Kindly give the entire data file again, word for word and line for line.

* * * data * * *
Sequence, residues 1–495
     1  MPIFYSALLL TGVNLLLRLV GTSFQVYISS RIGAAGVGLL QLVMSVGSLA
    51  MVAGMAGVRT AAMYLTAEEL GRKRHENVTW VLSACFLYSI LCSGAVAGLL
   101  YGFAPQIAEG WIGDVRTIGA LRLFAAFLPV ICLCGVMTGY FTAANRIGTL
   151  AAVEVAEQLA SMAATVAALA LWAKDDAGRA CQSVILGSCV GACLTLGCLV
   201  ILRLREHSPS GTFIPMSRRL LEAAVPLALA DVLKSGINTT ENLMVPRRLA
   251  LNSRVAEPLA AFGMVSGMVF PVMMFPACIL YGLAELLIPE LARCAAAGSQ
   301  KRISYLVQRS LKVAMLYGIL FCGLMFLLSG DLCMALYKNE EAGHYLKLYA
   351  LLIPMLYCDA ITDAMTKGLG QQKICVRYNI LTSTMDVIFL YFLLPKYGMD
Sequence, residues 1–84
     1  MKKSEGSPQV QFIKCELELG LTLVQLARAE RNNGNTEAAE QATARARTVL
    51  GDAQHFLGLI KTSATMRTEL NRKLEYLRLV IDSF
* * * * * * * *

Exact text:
Sequence, residues 1–495
     1  MPIFYSALLL TGVNLLLRLV GTSFQVYISS RIGAAGVGLL QLVMSVGSLA
    51  MVAGMAGVRT AAMYLTAEEL GRKRHENVTW VLSACFLYSI LCSGAVAGLL
   101  YGFAPQIAEG WIGDVRTIGA LRLFAAFLPV ICLCGVMTGY FTAANRIGTL
   151  AAVEVAEQLA SMAATVAALA LWAKDDAGRA CQSVILGSCV GACLTLGCLV
   201  ILRLREHSPS GTFIPMSRRL LEAAVPLALA DVLKSGINTT ENLMVPRRLA
   251  LNSRVAEPLA AFGMVSGMVF PVMMFPACIL YGLAELLIPE LARCAAAGSQ
   301  KRISYLVQRS LKVAMLYGIL FCGLMFLLSG DLCMALYKNE EAGHYLKLYA
   351  LLIPMLYCDA ITDAMTKGLG QQKICVRYNI LTSTMDVIFL YFLLPKYGMD
Sequence, residues 1–84
     1  MKKSEGSPQV QFIKCELELG LTLVQLARAE RNNGNTEAAE QATARARTVL
    51  GDAQHFLGLI KTSATMRTEL NRKLEYLRLV IDSF